However, its fortunes changed dramatically in the 1880s with the discovery of significant mineral deposits on the west coast of Tasmania. In 1878 the Van Diemen’s Land Company constructed a wooden horse-drawn tramway to serve Mount Bischoff, which was then the richest tin mine in the world. The tramway was a remarkable timber construction that stretched over 75 kilometres and used horses to pull the tin laden carriages. The tin industry ensured the continued growth of the town, and by the late-1880s, the railway had been converted to steam locomotives and the port facilities were greatly expanded. Burnie became the sole port for the Mt Bischoff mine and its support-town of Waratah, resulting in a trebling of its population to more than 1000 by 1891.
With the late-nineteenth century mineral boom on the west coast, which saw the towns of Zeehan, Queenstown, Dundas, Renison Bell and Rosebery grow rapidly, the railway was taken over by the Emu Bay Railway and extended to Zeehan in 1900. Thus, Burnie became the major port for the shipping of silver from Tasmania. This saw record growth in Burnie’s business district and the further development of outlying farms. Banks, churches and schools were established, and by 1901, when the railway arrived from Launceston, the town’s population had grown to over 1500.
The claims of Mt Bischoff and the mines at Zeehan that were served by the Emu Bay Railway line began to decline by about 1915, and Burnie – although its population had grown and its port facilities had been substantially developed – once more found itself almost wholly reliant on its outlying farms and forests for its existence.
In the inter-war period, it appeared obvious that some form of secondary industry was essential to adequately employ Burnie’s existing workforce and would be fundamental if the town was to develop beyond its role as the centre of export and commerce for a rural area. The industry which was so badly needed and set Burnie on its path to gaining city status came in 1938 when Associated Pulp and Paper Mills Limited (APPM) began production.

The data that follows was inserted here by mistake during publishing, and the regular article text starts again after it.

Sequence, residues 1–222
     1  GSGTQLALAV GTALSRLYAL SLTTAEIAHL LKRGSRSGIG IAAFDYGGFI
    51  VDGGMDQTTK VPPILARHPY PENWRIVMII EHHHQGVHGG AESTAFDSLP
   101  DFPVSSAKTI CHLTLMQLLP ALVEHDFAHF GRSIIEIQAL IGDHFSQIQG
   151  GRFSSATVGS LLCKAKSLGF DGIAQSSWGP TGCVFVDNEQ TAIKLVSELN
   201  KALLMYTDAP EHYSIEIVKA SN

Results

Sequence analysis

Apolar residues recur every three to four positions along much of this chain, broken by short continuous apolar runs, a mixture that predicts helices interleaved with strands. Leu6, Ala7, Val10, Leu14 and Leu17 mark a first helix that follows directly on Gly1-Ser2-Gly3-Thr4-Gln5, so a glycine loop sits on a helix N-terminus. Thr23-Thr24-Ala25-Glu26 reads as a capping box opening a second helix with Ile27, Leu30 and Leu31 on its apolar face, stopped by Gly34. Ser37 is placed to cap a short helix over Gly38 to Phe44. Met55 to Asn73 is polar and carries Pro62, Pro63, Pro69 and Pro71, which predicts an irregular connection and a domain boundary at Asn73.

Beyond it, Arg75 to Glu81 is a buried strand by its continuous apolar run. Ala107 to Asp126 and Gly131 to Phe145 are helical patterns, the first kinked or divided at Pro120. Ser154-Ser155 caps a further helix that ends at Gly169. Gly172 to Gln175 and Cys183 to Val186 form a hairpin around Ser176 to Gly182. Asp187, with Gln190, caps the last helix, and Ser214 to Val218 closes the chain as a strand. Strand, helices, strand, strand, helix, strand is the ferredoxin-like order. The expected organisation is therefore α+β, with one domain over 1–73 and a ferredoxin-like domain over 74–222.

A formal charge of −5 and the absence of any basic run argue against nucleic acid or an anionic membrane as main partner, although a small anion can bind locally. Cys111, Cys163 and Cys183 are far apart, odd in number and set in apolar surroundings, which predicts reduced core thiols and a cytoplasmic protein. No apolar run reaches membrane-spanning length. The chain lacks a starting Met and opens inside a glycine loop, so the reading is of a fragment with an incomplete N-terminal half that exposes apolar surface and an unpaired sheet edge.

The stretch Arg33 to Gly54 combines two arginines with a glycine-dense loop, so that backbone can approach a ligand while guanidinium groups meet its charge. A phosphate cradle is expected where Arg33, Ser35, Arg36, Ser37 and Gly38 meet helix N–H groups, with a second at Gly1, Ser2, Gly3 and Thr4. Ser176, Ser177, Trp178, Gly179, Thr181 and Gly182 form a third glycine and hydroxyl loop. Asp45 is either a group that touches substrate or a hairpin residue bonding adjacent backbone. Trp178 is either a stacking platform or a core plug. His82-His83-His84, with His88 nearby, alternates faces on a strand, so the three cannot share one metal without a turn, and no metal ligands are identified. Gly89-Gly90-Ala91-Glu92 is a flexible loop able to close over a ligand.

The paper industry’s impact on the town was astonishing. The rate of building in the pre-APPM era was a lethargic 20 houses a year. In the year ended June 30, 1938, when the South Burnie mills were being erected, 262 houses were built. When the paper industry arrived in Burnie the municipality had a population of about 4000. By 1945, it had reached 10,000, by 1965 it was about 18,500. In 1948 Australian Titan Products (now known as Tioxide Australia Pty Ltd) began operation. The town continued to grow. The port was expanded, the paper mill grew larger, and container facilities were built.
While APPM was not the sole industry responsible for Burnie’s post-war development and others established since have contributed substantially to the town’s economy and growth, there is no doubt APPM was the industry that prompted industrial development. Indeed, Burnie’s development history can be clearly and sharply divided into two eras: the 109 years before APPM, and the APPM years.
According to Burnie historian Kerry Pink, there were three reasons big industries located in Burnie: the deepwater port, cheap electricity and an ocean that was able to absorb effluent. And, in the case of APPM, the Van Diemens Land Company’s vast hardwood stands at Surrey Hills. With these factors in mind the local community considered pollution a small price to pay for job security. However, job security proved a faithless mistress.
Downsizing at APPM began in the 1980s and the autumn of 1992 saw an incredibly bitter industrial dispute that lasted three months. In 1998 “The Pulp” finally ceased operation and the last 200 workers lost their jobs. Paper making continues at the plant using imported pulp, but this move marked the beginning of the end of Burnie’s industrial heartland.
However, Burnie is now entering a third era in its development history: the post-APPM years. The paper mills – now owned and operated by Australian Paper – have scaled back in both production and its workforce, and Burnie is no longer able to depend on one key industry to provide employment and economic growth. Nonetheless, Burnie remains the major deepwater port for the north of Tasmania, with two permanent container ships making daily crossings between it and Melbourne.
Although Burnie was declared a city in 1988, with a population exceeding 23,000, that figure has since decreased, and today the City of Burnie has a population of 19,030 (2004). Burnie is now a city in transition. Driven by the need to renew its economic base, it is actively campaigning to bolster tourism, attract new investment and build the capacity of residents to develop businesses of their own.